Police Versus People

Tuesday, November 06, 2018

Lost among the cacophony of protests and commentary on police conduct is an inherent conflict between the police and the people, caused by crimes without victims. If a crime has no victim, law enforcement makes the violator the victim of police action.

Drug prohibitions especially create conflict between the police and the people. When there is a victim of crime such as theft, the victim calls the police. But where there is no victim, the police have to search for criminals. They rely on informers. The police also run sting operations and use decoys to lure people into crimes. The police have to invade privacy in order to find drugs. They listen to telephone conversations, search cars, and eavesdrop in email messages. There is no point in protesting these tactics. Such action is needed to enforce victimless crimes.

People who do not commit these crimes are affected by the invasive police action, as the police have an incentive to be aggressive, and they make mistakes. They target innocent people and property. The greater problem is the generally hostile relationship the police create.

The government’s tax and regulatory policies impose obstacles to enterprise and employment. Unemployed youth who seek quick money turn to the drug trade. Just as poor areas have a lot of liquor stores, they have a high use of other drugs. The police presence is then seen not as protecting lives and property, but attacking the people of the neighborhood.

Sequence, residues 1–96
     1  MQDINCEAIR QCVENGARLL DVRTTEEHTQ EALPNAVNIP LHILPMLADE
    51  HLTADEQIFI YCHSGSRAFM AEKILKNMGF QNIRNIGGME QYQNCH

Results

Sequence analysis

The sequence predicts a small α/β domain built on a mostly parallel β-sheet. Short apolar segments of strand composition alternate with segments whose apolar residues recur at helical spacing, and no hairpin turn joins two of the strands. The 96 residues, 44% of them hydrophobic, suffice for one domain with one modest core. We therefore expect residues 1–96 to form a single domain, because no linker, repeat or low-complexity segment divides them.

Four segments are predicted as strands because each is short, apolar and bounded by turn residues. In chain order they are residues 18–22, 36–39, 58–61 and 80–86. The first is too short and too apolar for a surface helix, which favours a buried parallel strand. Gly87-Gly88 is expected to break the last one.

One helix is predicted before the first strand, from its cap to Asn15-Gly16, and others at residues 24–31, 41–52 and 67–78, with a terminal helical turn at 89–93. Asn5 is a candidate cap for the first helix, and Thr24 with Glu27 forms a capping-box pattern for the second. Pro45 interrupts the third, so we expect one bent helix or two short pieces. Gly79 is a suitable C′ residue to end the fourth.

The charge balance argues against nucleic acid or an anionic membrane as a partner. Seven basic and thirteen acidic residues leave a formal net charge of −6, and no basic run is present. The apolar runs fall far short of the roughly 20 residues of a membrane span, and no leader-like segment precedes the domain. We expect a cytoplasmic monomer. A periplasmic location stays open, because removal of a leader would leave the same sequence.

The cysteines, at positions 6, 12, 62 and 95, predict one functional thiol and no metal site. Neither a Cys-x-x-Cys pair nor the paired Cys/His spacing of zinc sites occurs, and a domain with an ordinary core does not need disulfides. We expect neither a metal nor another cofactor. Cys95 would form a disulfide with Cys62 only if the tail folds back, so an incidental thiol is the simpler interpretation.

Resistance to the police then make the police more aggressive, and some officers become quite antagonistic and engage in rough treatment. Some police have little respect for the dwellers. It’s a negative feedback loop. Some officers do seek to provide beneficial service, but the law requires them to intrude into voluntary but illegal action.

As drug prohibitions drive the trade underground, the tax-free profits stimulate gangs and organized crime, just as alcohol prohibition did. The gangs and cartels become a second government, exerting control over turf. Young men often have little choice but to join a gang for protection. The gangs then induce more police action.

There is much talk of reforming police action, such as using cameras, and prosecuting the excessive use of force. There is talk of changing racial attitudes. But there is little talk of the effect of victimless crime laws.

There is much talk of reforming police action, such as using cameras, and prosecuting the excessive use of force. There is talk of changing racial attitudes. But there is little talk of the effect of victimless crime laws.

Where drug laws have been reformed, society has not run amok. Portugal decriminalized drugs in 2001, and the result has been little change in drug usage, but a big reduction in drug-related illness and deaths. After Colorado decriminalized marijuana, Denver experienced a decrease in violent crime rates.

Of course other reforms are needed to heal the relationship between the people and the police. Education needs to be improved, and low-income areas need economic opportunity. The elimination of victimless-crime laws is not sufficient, but it is necessary.

The police themselves have been a lobby in favour of the war on drug possession, and industries such as alcohol and tobacco would have more competition. Superficial thinking make people believe that the answer to a bad product is to ban it. Drugs do inflict bodily damage, but there are many legal drugs as well as alcohol that cause damage.

Guest Editorial